On November 22nd, in a year that commemorates several notable birthdays and anniversaries (including Mozart’s 250th and Tallis’s 500th), Gunther Schuller - American composer and champion of jazz, as well as icon in the realms of education, administration, conducting, and publishing – turns 80. This event is being celebrated by the city of Boston and two of its musical pillars: the New England Conservatory of Music (NEC) and the Boston Symphony Orchestra. A tribute coming from these institutions is fitting, as Schuller led NEC as its president, from 1967 to 1977, and was the head of the composition department at the Berkshire Music Center at Tanglewood (the BSO’s “summer home”) from 1963 until 1984. In addition to discussions at NEC and Harvard, the festival includes several sweeping performances (what the NEC website calls a “crash course” in Schuller’s music) and two BSO concerts.
The central tenet of Schuller’s aesthetic, and indeed, the driving force of the whole festival, is that qualitatively, the best and truest musical expression should not be differentiated on a sliding scale of value; that, in the composer’s words, “…all musics are created equal.” All musics – crossing borders both cultural and aesthetic, which also includes “popular music,” although this term obviously meant something different to Schuller than it means now. For him it meant “jazz.” Schuller forged his “third stream,” a concept in composition based upon the unaltered intermingling of different music, from his pure, distinct experiences both as a be-bop player and as a classical composer and performer.
In the opening performance of the festival, the clearest expression of Schuller’s ideal was presented in the third-stream piece Conversations, written for traditional string quartet and modern jazz quartet (piano, bass, drums, and vibes). It can best be described by what it was not. It was not “jazz with strings,” as exists in countless horrible recordings that permeated post-bop commercialism, nor was it reminiscent of Gershwin, Bernstein, Milhaud, Copland, or Stravinsky in their attempts to incorporate “jazz” idioms, stylistic or otherwise, into their compositions. Neither was it jazz trying to be more than it is – trying to prove its acceptability to the artistic elite. Neither quartet pandered to the other; it was exactly what the title expressed. Idiomatic statements led to conversation, which led to communion, and the birth of a consort greater than the sum of its parts, the purpose and the effect being totally understandable.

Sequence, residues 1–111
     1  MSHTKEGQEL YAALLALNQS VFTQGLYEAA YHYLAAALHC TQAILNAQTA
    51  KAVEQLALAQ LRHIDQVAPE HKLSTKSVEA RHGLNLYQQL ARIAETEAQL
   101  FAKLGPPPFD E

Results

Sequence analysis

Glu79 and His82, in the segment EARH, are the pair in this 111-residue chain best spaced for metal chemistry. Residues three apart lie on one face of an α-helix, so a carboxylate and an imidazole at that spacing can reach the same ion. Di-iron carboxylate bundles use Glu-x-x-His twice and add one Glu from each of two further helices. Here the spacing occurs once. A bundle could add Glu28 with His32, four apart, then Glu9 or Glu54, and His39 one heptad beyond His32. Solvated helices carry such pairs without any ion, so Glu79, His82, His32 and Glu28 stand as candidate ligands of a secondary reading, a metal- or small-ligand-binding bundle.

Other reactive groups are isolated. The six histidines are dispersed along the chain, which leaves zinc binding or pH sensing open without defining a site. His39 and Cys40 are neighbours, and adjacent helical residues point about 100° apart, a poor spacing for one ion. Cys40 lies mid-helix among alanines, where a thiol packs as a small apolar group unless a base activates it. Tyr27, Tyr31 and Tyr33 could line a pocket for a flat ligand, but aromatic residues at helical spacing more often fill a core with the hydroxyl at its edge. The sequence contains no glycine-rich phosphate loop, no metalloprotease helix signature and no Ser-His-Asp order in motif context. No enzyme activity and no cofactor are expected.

Egalitarianism in music -- indeed, in anything -- is a prickly concept that is not easily acceptable. In fact, the whole profession of music criticism is based on the perceived inequality of different music. A perverse version of the leveled musical playing field has crept into the collective subconscious, however: technology has turned the “song” into a yard stick of memory, and everyone can now illegally download 50 Cent or Palestrina (though, I know for a fact that finding downloadable Palestrina is not as easy as I would like it to be). But this, I think, is not the point Schuller tries to make. His views and his writings reflect a belief that the musics of the world could mutually educate each other while maintaining their integrity.
(Go to Part Two.)